decades ago. In Hawaii, he's widely despised, because American missionaries
spread disparaging tales about his behavior on the islands. One Hawaiian
activist has termed Cook a "syphilitic, tubercular racist" and
declared it a point of pride that the captain didn't leave Hawaiian shores
alive. So I had plenty of controversy to work with in writing this book.
During your travels you take on crew. Can
Generally, I like to travel on my own. But
soon after I embarked on my journey, an Australian mate, Roger Williamson,
announced that he wanted to come along. Roger, like Cook, is Yorkshire born
and bred, and a talented sailor. He's also a hard-drinking, wise-cracking
adventurer. So I said, "what the hell, come with me to Tahiti,"
which was my first stop. Then Roger stuck around, so he's in most of the book. I
didn't plan it that way, but I'm glad he came along. Roger provides comic
relief, and also a running commentary on nautical matters, the subtleties of the
British class system, and other subjects on which I'm not expert.
In Confederates in the Attic you try
your hand at being a Civil War reenactor. In Blue Latitudes you sign
on as a working crewman aboard a replica of Cook's ship, attend a Maori tribal
meeting in New Zealand, participate in a beer-sodden reenactment of Cook's
landing in Cooktown, Australia, and find yourself braving Bora Bora reef in the
darkness of night. What inspires you to immerse yourself in your subject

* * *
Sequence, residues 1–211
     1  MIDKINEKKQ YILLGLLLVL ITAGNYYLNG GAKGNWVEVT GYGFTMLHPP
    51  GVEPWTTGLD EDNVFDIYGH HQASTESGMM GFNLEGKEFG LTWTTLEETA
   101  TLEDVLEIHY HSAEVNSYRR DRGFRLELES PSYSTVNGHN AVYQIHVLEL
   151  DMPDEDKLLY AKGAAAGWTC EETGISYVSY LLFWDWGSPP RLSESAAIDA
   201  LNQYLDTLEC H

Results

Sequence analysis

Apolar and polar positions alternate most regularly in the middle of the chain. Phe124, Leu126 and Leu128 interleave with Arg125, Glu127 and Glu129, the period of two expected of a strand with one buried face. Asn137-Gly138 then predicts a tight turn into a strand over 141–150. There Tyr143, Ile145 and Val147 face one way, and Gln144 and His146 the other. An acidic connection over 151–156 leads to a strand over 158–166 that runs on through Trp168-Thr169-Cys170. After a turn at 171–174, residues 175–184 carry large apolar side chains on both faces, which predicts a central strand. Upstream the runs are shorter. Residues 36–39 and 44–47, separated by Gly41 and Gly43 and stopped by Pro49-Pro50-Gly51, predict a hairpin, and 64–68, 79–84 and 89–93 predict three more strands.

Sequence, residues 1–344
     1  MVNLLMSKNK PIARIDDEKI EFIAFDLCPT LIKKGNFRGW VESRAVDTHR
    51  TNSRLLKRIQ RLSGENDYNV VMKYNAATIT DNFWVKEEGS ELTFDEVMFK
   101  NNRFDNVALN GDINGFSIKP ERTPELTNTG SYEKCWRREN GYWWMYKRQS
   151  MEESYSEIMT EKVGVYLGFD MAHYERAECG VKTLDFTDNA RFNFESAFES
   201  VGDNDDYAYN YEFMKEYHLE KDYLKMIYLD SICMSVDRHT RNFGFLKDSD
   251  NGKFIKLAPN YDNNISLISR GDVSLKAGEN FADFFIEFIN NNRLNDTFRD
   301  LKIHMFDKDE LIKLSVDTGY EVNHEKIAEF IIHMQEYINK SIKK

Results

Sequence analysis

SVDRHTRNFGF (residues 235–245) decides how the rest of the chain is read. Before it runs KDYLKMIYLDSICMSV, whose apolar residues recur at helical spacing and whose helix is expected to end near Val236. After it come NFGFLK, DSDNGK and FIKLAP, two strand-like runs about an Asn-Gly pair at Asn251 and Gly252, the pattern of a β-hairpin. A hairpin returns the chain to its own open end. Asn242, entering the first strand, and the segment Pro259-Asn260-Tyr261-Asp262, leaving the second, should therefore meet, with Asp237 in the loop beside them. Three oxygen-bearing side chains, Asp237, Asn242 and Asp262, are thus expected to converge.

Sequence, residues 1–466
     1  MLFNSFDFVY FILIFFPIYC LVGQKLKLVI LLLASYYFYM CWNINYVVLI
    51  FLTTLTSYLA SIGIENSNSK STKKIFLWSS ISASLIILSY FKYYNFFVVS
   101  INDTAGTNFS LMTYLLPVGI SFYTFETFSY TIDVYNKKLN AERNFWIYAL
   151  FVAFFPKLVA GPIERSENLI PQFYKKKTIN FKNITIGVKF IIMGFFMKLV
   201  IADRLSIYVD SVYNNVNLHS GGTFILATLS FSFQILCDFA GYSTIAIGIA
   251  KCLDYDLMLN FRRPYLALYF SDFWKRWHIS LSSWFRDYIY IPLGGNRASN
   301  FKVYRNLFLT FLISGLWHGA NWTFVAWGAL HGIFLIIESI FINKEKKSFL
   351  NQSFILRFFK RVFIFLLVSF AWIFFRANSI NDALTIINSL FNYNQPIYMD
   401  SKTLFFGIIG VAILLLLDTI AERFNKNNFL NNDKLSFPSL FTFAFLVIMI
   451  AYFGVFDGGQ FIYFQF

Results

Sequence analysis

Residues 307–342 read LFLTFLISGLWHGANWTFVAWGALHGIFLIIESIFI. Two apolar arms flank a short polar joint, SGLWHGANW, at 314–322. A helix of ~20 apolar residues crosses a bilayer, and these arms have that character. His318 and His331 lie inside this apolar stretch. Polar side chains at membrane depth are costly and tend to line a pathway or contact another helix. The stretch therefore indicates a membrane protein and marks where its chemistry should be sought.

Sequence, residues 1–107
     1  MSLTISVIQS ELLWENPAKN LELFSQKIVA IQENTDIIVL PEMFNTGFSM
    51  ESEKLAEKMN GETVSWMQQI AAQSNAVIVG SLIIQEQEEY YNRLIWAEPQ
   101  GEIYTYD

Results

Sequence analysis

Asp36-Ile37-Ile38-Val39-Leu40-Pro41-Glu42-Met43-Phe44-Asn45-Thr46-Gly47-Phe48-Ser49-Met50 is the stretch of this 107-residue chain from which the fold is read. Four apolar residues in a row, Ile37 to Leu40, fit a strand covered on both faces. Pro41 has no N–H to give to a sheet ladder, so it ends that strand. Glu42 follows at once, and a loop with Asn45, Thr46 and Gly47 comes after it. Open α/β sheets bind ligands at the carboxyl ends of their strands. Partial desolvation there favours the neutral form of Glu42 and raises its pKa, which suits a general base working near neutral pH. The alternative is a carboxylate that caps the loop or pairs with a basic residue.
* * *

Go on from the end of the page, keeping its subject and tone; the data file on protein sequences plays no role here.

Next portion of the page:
Journalists spend a lot of time standing outside events, observing and
solemnly recording the opinions of participants. Journalists are very
detached. But I like to get inside the heads of those I'm writing about by
sharing their experiences. The same goes for history: while I wouldn't
pretend that I can know what it was to be a Civil War soldier or a sailor aboard
one of Cook's ships, I can try to get a better understanding of it. As a
Civil War reenactor, I sensed what it was like to march for ten hours in summer
heat, in ill-fitting shoes, toting a musket and a haversack. The same was
true for my adventures in Cook's wake. Sailing at night through the
treacherous reef in Bora Bora gave me some insight into the astonishing courage
and skill of Cook and his men. I sailed aboard a boat equipped with a
global-positioning system and other high-tech gear, and still almost came to
grief. Cook didn't have so much as a map or a life raft.
Tell us about your experience on the replica
of the Endeavour.
The Endeavour was the first vessel Cook
sailed around the world: a lumbering, hundred-foot coal ship with a very shallow
keel that made it exceptionally rocky in heavy seas. As a volunteer sailor
aboard a museum-quality replica of the Endeavour, I lived and worked like
an eighteenth-century seaman: sleeping in a narrow hammock in the ship's hold
alongside forty others, climbing the 127-foot main mast to furl sails in rolling
seas, manning the helm in a hard blow. I thought Civil War reenacting was